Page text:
Here’s a thoughtful piece from three IBM security experts that presents a little-known danger. Along with all the other challenges from our grid security inadequacies, some insurance companies are now refusing to insure utilities against cyberattacks.
But this article is about much more than the uninsurable risk. It lays out a path to a “convergence of all things security” that I believe is an essential step to a more secure grid. – Jesse Berst
By Diana Kelley, Pete Allor and Craig Heilmann
Why the smart grid needs “security intelligence”
BBC News recently posted a thought-provoking piece explaining why many energy companies (including power and utilities) are being turned down for insurance policies to cover cyber-attacks. The net: audits of existing defense and protection strategies “concluded that protections were inadequate.”
Given that we’re talking about the entities that supply power to governments, cities and consumers around the globe, the knowledge that their protections from cyber-attacks aren’t even considered adequate is fairly alarming. This doesn’t mean that a Die Hard-style takedown of the United States’ power-grid is imminent. However, it does point to a few key facts that security professionals working with energy and utilities have been discussing for a few years now.
One point that often comes up is the convergence of networks, operations, communications and information technology. As the technology converges, so too must the way we monitor and manage security across them. The old way is no longer effective, and a new, more intelligent security paradigm is required.
Where we were – the not-so-smart grid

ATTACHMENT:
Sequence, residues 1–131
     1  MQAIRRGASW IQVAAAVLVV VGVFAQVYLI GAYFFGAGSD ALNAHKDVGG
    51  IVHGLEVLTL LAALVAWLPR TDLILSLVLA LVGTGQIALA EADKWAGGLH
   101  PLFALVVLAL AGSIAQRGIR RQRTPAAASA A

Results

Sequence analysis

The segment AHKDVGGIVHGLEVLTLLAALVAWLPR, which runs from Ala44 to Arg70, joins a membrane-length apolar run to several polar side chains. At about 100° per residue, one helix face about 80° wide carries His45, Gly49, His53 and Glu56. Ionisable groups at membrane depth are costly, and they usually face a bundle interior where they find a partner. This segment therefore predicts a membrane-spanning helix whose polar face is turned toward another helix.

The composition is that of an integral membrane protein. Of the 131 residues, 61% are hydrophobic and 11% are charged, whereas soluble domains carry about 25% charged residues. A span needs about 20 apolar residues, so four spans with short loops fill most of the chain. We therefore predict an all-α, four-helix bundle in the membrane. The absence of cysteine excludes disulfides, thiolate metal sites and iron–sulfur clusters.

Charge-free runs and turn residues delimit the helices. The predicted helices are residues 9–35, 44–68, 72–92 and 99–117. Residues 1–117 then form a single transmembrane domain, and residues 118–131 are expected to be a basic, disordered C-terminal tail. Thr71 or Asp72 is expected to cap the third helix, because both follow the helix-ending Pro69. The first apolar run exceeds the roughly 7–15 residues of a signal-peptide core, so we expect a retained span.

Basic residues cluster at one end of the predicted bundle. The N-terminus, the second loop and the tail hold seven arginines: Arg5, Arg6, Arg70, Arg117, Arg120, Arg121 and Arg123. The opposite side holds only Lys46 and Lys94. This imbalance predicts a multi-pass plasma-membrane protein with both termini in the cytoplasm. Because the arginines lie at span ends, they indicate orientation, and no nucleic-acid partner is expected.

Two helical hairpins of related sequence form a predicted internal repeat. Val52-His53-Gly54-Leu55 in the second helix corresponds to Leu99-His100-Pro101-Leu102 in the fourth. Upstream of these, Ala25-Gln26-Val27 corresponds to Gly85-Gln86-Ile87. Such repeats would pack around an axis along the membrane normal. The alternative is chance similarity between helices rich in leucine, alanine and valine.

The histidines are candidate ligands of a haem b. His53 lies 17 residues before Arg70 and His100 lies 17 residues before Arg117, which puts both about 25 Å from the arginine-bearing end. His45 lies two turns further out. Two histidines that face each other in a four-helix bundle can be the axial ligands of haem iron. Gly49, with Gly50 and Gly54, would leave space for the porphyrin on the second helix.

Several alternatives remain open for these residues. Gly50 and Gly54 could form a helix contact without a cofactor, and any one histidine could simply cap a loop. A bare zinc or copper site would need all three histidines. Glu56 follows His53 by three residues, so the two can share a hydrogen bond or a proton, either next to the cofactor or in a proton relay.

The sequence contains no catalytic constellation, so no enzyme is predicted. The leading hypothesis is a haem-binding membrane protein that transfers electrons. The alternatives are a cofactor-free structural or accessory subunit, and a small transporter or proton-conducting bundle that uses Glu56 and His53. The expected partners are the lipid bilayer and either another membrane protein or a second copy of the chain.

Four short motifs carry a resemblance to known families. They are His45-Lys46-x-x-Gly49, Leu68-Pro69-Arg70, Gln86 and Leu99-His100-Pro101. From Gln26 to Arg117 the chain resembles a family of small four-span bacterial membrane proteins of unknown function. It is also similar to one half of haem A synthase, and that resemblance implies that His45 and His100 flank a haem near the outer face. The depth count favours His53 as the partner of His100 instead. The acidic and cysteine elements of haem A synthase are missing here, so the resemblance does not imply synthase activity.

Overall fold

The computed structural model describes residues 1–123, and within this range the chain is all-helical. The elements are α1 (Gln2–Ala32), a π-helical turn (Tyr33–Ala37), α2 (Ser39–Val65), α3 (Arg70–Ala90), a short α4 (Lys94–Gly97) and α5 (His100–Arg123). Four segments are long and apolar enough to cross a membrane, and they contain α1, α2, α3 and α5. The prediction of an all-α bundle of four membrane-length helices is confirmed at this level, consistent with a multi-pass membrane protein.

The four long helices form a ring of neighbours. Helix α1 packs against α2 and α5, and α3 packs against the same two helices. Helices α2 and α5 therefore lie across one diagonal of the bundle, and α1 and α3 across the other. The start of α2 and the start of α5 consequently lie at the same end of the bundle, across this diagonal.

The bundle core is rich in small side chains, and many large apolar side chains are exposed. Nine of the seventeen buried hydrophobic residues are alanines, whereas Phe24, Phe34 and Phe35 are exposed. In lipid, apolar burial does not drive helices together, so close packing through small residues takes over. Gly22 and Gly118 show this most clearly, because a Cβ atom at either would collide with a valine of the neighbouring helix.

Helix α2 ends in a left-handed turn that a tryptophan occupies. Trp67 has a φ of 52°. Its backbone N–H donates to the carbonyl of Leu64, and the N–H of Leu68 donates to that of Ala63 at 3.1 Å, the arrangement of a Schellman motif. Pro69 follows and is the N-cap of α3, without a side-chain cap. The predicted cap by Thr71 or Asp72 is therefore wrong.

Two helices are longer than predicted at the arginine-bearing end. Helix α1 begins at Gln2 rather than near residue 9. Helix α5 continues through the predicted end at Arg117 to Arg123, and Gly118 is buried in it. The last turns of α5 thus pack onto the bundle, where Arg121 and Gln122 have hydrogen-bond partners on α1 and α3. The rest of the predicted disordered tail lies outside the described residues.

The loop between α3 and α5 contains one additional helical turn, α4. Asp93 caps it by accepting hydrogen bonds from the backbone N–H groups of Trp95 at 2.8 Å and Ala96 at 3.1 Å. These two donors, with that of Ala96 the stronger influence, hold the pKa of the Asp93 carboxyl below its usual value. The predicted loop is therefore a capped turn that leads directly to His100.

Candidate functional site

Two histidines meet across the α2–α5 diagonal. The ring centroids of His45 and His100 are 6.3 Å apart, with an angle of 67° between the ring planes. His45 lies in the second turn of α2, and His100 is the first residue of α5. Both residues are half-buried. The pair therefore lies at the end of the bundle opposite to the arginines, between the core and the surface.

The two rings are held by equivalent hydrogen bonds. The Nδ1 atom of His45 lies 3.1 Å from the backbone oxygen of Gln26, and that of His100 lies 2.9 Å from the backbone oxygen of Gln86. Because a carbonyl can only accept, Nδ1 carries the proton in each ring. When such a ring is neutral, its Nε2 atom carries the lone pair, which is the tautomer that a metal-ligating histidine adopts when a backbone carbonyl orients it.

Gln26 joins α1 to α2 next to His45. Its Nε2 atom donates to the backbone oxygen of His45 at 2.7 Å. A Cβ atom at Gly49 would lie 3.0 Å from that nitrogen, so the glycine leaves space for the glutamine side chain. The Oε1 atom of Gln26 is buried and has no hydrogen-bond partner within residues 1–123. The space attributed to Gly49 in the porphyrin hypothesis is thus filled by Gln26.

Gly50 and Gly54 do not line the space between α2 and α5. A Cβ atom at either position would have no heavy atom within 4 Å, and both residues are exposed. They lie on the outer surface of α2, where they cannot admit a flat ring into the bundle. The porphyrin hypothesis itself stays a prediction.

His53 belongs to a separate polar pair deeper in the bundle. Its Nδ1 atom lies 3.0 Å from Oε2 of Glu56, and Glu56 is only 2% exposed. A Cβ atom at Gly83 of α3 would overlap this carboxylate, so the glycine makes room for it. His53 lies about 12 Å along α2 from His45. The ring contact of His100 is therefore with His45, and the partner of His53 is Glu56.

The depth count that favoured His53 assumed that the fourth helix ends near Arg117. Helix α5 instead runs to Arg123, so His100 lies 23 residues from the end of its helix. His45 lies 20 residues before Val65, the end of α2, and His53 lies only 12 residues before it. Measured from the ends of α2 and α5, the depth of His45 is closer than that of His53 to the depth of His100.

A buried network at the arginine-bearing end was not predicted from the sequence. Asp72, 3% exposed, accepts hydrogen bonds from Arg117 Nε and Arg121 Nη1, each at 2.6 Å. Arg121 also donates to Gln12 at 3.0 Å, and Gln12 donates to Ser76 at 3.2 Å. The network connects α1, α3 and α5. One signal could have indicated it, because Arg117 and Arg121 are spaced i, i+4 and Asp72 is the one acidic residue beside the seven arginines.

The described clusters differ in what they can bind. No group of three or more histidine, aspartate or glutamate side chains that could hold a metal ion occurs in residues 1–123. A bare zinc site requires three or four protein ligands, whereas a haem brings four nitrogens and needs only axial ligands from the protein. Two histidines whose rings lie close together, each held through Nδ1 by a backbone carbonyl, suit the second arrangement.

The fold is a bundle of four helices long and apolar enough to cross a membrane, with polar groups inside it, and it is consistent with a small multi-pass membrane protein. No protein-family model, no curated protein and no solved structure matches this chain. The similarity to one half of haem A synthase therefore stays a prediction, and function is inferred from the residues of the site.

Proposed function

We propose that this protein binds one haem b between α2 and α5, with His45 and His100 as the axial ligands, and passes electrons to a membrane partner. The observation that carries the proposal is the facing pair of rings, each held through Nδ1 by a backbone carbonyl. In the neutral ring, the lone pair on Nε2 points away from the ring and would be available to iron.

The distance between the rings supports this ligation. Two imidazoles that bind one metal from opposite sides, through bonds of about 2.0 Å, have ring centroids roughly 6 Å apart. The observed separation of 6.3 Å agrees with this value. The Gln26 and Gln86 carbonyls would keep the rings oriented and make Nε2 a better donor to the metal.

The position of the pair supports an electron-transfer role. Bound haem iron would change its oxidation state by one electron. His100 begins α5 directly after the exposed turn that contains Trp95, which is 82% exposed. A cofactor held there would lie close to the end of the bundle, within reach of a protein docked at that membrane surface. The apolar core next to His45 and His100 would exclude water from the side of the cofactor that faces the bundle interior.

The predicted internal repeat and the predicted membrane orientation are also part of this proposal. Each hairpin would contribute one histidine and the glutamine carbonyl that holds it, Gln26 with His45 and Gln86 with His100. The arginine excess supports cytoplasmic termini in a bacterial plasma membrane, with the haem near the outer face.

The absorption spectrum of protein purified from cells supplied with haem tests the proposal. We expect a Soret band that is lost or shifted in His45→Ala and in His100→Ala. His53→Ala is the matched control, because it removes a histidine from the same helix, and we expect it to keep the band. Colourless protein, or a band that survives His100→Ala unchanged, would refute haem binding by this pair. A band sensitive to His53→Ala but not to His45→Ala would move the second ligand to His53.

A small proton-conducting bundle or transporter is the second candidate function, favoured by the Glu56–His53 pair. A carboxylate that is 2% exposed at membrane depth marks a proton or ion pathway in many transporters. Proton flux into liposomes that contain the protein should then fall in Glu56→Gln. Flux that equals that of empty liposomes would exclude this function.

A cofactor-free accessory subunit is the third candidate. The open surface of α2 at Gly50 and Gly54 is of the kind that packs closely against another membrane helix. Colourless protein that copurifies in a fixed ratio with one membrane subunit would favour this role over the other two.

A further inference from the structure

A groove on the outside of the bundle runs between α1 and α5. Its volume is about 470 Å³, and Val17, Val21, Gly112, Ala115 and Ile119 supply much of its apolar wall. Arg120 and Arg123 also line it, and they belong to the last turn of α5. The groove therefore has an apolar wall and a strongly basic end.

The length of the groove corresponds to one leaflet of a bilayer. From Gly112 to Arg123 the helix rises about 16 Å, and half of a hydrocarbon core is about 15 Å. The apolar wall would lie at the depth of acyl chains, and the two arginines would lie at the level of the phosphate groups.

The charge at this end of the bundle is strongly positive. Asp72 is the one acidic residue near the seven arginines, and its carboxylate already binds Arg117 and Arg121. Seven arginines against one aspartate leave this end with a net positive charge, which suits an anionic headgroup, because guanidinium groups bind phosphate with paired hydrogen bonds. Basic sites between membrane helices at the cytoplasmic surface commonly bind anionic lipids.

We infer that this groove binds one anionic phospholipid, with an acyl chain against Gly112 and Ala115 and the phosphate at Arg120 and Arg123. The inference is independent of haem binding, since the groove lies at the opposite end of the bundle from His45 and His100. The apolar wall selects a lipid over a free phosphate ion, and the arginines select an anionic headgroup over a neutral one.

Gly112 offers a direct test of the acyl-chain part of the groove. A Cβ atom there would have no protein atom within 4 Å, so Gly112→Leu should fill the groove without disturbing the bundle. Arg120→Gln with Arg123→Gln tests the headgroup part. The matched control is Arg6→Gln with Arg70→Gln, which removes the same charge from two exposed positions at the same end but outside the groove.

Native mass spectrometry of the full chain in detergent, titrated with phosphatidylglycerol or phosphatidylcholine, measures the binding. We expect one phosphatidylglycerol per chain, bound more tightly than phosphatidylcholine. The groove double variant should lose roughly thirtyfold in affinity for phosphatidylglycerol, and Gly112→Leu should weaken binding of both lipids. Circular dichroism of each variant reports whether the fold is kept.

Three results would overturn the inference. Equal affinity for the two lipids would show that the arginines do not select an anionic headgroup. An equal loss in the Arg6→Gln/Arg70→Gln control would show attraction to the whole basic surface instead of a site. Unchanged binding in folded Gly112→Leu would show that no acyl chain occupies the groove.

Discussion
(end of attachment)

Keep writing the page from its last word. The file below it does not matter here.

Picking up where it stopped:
Not too long ago, the operations technology (OT) side of the energy house was operated separately from the information technology (IT) side. On the OT side Industrial Control System (ICS) devices, substations and other gear were managed with the use of telecommunications, rather than IP based networks. OT Technologies like supervisory control and data acquisition (SCADA) systems use proprietary protocols such as DNP3 or Modbus, over networks that were closed-loop and the software was rarely updated.
Back-end business software lived on the IT side and supported activities like billing and customer management. And when the Internet rose to prominence, IT got connected and adopted emerging security controls like firewalls, anti-malware and intrusion detection systems (IDS). Automatic software updates and patching later became commonplace.
Front-end OT stayed locked down and managed by a small number of administrators. The primary remit of OT is to keep the operations running smoothly and without interruption – reliability of the system was paramount. Security controls like IDS weren’t deemed ready for OT and software updates were made very cautiously and slowly, and then only after approval by the OT Vendor and installation.
Where we are – the smarter grid
A number of priorities in energy changed the old, very separate model and ushered in an era of convergence between OT and IT. The need to remotely manage and control systems on the OT network has led to IP enablement and Internet connectivity for those systems. This remote need was for both using fewer people resources and to allow infrequent vendor updates while maintaining the reliability of systems. And often, to ensure the legacy is accessible, a web front end is put in front to support browser-based access to simplify this management.
Next generation energy systems and the smart grid have also driven convergence. Smart grids improve efficiency and reliability by joining information from multiple suppliers and their consumers. Additionally, bringing that data together requires aggregation not only from partners but also from traditional IT systems.
Smart and advanced meters and smart houses are blurring the lines between IT and OT even more. Further, all of this technology is going mobile in one form other another -whether it’s a customer application to monitor energy usage at a solar-powered house that’s selling excess energy back to the grid, or an energy employee reading meters with a handheld device, or data sent via telecom means to a central data repository.
Where we need to go – the intelligent grid
That just leaves, where are we today? Today we are in a place where insurers deem current protections inadequate. This is not necessarily because the protections were inadequate, but due to the recent convergence activity and changes in how energy companies are doing business with their partners and customers in the smart grid age.